Belize protected areas 26% - not 40-odd percent
Posted: 02/07/2010 - 10:30 AM
Author: Adele Ramos - firstname.lastname@example.org
On April 22, 2010, the newest protected area, the Hopkins Nature Reserve, was established via statutory instrument signed by Minister of Natural Resources and Deputy Prime Minister, Gaspar Vega, setting aside 1,565.628 acres as a wetlands reserve, spanning north of Sittee River, east of Carib Hills, south of the Freshwater Creek Lagoon and west of the Village of Hopkins.
At the same time, the boundaries of certain other protected areas were adjusted, and as we understand it, a portion of the Vaca Forest Reserve de-reserved, which one conservationist told us was a decision made to resolve encroachment into the protected area.
The adjustments have not substantially changed the landscape of Belize’s protected areas, according to Edilberto Romero, chairman of the Association of Protected Areas Management Organizations (APAMO) and executive director of Programme for Belize.
Romero confirmed that just over a quarter of Belize’s land and marine territory are under some form of conservation management and protected status – a figure corroborated with official numbers we have been able to peruse today.
For several years, it had been said publicly by local experts that over 40% of Belize had protected status; however, it turns out, said Romero, that it was “a mathematical error.”
The figure was derived by adding the percentages for marine (13%) and terrestrial (36%), rather than adding the acreages (1,069,426 hectares) and figuring them as a percentage of the total land mass (4,078,065 hectares).
While that error has been corrected on the books for nearly five years now, the new figures have not been widely publicized to ensure the public understands the true landscape – and some still believe the percentage of Belize land under protected status to be much higher.
We note, however, that as we had reported last April, on the occasion of the 5th Summit of the Americas in 2009, Mrs. Kim Simplis-Barrow had given a presentation at a sustainable development session, saying that 26.2% of Belize’s territory is under legal protection by the Government, while 17.8% constitutes private protected areas, and 70% of the forest remains standing.
Romero had told Amandala, when the call for a ban of petroleum exploration in sensitive Belize habitats and protected areas was first declared, that the area in question was 36%. He clarified today that the 36% figure is in reference to Belize’s land mass only.
The numbers are detailed in a document we obtained this week, giving a complete breakdown: According to the National Protected Areas System Assessment and Analysis (2005), roughly a million hectares of Belize (out of over 4 million hectares) is under protected status. Specifically, 63.54% of land (terrestrial acreage) does not have any form of conservation management, while 74% of national territory is unprotected. Belize’s marine habitats have 13.64% of the area under protected status.
There are a range of protected areas. For example, there are seven bird sanctuaries which only make up 14.7 acres or six hectares – a figure well below 1%. Examples are Doubloon Bank, Little Guana Caye and Los Salones in northern Belize, Bird Caye in central Belize, and Man of War and Money River in southern Belize.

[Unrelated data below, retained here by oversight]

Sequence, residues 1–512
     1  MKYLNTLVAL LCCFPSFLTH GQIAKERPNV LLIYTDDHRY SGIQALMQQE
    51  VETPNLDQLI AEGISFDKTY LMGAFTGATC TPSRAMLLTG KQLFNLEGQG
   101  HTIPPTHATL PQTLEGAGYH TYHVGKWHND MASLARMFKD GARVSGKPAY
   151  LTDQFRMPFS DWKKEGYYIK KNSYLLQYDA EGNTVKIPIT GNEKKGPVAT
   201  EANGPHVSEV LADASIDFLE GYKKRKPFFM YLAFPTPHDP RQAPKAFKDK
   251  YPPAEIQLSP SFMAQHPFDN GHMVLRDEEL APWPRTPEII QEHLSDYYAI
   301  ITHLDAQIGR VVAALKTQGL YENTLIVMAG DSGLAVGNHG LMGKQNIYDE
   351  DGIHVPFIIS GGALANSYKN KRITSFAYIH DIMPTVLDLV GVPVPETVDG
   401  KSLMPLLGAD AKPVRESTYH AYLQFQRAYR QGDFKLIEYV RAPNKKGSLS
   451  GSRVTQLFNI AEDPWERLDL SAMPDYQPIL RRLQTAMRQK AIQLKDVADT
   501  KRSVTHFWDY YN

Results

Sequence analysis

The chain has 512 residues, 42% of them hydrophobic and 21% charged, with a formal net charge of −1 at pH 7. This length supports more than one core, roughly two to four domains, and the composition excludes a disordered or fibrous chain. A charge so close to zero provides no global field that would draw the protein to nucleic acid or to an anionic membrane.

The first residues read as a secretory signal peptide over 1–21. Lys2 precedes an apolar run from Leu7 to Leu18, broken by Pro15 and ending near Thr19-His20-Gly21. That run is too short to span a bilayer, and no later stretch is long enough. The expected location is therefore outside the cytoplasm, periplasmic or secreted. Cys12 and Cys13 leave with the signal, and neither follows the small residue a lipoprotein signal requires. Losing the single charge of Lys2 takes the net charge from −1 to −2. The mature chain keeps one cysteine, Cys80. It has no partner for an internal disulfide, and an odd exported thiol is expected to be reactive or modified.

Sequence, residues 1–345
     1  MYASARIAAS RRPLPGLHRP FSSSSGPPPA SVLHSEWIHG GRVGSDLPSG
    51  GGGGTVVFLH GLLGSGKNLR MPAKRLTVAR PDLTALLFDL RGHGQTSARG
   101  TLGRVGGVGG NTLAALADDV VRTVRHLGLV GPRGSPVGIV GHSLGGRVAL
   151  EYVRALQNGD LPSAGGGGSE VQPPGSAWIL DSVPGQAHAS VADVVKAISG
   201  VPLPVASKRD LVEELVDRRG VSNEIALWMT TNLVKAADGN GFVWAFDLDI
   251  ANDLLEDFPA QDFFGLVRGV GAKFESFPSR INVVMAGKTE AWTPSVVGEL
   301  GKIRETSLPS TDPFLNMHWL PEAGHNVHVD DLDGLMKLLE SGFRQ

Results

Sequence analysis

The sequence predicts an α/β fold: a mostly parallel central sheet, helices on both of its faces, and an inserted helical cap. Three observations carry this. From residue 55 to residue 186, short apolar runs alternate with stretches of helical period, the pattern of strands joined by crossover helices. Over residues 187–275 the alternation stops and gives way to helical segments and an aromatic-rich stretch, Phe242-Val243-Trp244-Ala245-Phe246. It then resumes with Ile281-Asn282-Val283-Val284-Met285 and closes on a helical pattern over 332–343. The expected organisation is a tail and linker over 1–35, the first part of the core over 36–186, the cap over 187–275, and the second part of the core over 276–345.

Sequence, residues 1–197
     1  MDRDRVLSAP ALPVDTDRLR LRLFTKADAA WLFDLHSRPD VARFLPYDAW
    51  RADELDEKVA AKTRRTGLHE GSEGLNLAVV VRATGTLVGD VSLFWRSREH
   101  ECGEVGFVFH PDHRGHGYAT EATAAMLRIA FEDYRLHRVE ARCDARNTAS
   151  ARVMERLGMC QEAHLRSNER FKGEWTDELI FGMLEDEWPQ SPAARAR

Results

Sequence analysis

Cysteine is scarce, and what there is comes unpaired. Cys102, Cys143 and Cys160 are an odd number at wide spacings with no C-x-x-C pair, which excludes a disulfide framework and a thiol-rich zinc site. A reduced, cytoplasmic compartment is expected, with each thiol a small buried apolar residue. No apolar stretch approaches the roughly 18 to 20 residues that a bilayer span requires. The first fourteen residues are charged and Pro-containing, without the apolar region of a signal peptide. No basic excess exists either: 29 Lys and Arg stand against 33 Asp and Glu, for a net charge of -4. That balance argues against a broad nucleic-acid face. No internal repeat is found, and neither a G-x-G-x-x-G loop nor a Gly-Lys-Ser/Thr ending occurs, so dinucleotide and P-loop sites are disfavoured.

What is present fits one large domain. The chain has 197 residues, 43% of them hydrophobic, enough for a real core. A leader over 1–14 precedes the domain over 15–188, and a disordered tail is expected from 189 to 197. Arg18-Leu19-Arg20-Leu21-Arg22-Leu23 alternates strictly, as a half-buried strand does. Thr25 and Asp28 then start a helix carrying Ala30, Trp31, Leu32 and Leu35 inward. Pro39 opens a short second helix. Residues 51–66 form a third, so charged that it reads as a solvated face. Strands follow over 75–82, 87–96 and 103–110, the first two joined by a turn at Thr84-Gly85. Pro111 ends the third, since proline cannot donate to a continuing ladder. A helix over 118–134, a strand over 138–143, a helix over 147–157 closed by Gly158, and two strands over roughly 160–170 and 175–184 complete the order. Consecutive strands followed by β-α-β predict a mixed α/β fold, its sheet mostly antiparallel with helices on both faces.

Also protected are archaeological reserves, such as Santa Rita, Altun Ha, Barton Creek and Caves Branch. The total surface area of these 12 sites is approximately 27,826 acres or 11,261 ha (0.7 % of national territory).
In the category of extractive reserves are 16 forest reserves and 8 marine reserves – including Bacalar Chico, Glovers Reef, Sapodilla Cayes, Mountain Pine Ridge and Vaca – which comprise 13% of national territory. Specifically, forest reserves comprise 939,809 acres (380,328 hectares) or 9.3% of total national territory; marine reserves —372,730 acres (150,839 hectares) or 3.7 % of total national Territory.
There are 53 areas falling within different classes of conservation management categories: nature reserve, wildlife sanctuary, marine reserves, national park, and natural monument. They make up 9.3% of the total national territory. Among them are: St. Herman’s Blue Hole, Hol Chan, Blue Hole, Laughing Bird Caye, Spanish Creek, Mayflower Bocawina, Aguacaliente, and Sarstoon-Temash.
Finally, there are private protected areas: eight of them covering 325,346 acres (131,663 hectares) or 3.2% of national territory. Golden Stream, Rio Bravo, Shipstern Nature Reserve and Runaway Creek are examples.
On the issue of de-reservation, Imani Fairweather-Morrison, M.Sc. in regulation planning and development, comments: “…there are always legitimate reasons for de-reservation, such as the need for village expansion or land distribution, as well as the fact that sometimes in ecosystems analysis, one may determine that an area which was declared did not necessarily have the high biodiversity and may be low on the list of priority for protection.”
She also clarified that “protected” simply means that activities in the area are to be managed. There are areas that are “no-take” zones, where no one should, under law, extract any resource from that area.
According to Romero, de-reservation was not the main reason for the change in the percentage of protected areas from 40-odd percent to 26%.